I am delighted to introduce these standards which are intended to guide both strategic and operational services' understanding of what is expected at each stage of a child's journey through the justice system.
Preventing offending is integral to our vision of Scotland as the best place to grow up – Getting it Right for Every Child in Scotland. Our vision of Scotland as the best place to grow up extends to all of our children.
In Scotland, we have a proud record of taking a holistic approach to the needs of our children. For those in conflict with the law we remain committed to tackling the causes and impact of offending behaviour together with addressing wider needs. As far as possible children should be kept away from formal measures, whether that be through the Children's Hearings System or the Criminal Justice System, with proven alternative interventions used to address the behaviour and causes. Interventions must be timely, proportionate and credible to ensure victims and communities have confidence that unacceptable and harmful behaviour is being challenged.
There has been significant progress made over the last 12 years since the introduction of the Whole System Approach to preventing offending by young people and the shift towards prevention. However, there is still more we can do to ensure that the rights of children in Scotland are protected. We need to continue to work together in a partnership approach to build on achievements.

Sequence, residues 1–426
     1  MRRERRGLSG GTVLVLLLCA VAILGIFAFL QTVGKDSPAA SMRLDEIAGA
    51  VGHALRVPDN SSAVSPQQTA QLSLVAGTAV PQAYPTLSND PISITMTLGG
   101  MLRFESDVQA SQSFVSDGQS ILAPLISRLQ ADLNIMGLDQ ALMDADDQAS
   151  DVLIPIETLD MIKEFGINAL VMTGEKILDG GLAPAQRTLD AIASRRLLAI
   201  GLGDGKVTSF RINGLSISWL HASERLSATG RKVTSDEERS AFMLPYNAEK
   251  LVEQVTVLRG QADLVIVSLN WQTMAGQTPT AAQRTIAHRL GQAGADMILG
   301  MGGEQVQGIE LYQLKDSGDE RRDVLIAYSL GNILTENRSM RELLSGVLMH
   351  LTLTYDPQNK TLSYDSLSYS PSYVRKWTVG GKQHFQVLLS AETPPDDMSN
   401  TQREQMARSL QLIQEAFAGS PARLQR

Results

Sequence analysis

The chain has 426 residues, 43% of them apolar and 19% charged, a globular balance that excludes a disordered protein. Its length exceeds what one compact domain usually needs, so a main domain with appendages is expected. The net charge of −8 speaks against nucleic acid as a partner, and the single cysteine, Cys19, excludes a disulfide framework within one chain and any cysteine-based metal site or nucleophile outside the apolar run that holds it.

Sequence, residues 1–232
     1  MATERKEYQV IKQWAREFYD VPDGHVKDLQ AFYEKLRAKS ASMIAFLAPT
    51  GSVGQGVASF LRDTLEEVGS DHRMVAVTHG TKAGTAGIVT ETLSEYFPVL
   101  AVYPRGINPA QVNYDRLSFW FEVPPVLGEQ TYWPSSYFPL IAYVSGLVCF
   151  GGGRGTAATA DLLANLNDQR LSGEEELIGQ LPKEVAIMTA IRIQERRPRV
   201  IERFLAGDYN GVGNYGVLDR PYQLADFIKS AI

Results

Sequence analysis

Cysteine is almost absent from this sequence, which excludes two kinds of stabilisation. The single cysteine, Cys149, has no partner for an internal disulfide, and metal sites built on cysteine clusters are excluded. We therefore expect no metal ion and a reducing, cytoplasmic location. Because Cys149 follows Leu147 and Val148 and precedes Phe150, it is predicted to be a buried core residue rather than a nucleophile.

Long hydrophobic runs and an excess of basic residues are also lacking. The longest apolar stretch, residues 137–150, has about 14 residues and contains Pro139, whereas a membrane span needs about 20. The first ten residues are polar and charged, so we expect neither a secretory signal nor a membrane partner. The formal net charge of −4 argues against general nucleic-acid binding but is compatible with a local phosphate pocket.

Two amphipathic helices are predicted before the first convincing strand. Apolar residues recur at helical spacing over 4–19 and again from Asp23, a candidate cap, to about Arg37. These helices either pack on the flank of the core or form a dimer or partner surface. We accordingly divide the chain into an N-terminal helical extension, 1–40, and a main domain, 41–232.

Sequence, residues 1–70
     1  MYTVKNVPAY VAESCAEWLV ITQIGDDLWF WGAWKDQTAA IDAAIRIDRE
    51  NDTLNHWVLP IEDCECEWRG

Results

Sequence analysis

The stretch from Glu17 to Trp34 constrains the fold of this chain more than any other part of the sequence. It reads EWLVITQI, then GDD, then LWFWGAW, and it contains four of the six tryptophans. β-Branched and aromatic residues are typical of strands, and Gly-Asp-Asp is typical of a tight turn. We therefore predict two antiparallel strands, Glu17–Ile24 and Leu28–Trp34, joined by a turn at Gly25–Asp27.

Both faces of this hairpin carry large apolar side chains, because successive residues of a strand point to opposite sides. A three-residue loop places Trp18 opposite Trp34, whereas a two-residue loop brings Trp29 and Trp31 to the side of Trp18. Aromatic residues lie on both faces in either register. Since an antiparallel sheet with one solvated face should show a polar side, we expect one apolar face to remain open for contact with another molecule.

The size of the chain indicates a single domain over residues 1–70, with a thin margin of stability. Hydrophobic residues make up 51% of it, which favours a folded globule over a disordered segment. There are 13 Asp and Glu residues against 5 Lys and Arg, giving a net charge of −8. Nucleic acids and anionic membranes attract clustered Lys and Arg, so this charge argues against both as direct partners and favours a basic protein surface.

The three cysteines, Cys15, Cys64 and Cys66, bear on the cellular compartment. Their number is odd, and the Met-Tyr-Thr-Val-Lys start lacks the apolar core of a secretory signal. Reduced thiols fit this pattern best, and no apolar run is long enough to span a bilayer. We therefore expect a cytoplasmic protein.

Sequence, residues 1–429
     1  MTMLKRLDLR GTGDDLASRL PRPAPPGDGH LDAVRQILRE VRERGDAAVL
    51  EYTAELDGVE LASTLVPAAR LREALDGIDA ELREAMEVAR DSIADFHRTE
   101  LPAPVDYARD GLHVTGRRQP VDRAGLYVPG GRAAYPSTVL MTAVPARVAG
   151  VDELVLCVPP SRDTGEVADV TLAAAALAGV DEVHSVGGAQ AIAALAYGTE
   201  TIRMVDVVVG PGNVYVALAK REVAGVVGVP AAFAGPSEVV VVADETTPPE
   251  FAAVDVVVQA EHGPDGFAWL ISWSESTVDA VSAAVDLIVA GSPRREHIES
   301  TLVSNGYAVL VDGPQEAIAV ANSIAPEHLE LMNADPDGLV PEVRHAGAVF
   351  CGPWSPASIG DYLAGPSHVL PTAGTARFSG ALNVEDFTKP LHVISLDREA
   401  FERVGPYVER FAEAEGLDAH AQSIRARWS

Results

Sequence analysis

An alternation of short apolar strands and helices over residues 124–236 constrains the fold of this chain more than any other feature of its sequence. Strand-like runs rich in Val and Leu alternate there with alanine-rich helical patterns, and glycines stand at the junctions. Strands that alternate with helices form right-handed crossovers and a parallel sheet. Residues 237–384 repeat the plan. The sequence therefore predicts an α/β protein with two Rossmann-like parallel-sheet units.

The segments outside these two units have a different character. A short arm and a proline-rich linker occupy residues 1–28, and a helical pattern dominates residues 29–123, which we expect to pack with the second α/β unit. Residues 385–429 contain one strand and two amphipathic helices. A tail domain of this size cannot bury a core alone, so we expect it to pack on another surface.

The new Rights-Respecting Approach to Justice for Children and Young People: Scotland's Vision and Priorities and accompanying action plan outline a shared foundation between the Scottish Government and key partners to work together, to prevent children and young people from being involved in behaviour which leads them to be in conflict with the law and to ensure that those already involved in such behaviour are fully supported throughout their journey.
These standards complement the vision and replace those published in 2012. A public consultation took place between November 2019 and February 2020, the results of which were independently analysed and changes have been reflected in these new standards. Additions include support for victims, rights and participation and core principles and data sets to support local and national data collection to help monitor progress, service improvement and evidence improved outcomes.
I hope these standards will support improvements in practice, which in turn will deliver better outcomes for Scotland's children.
I would like to thank all who have been involved in developing these standards.
Clare Haughey MSP
Minister for Children and Young People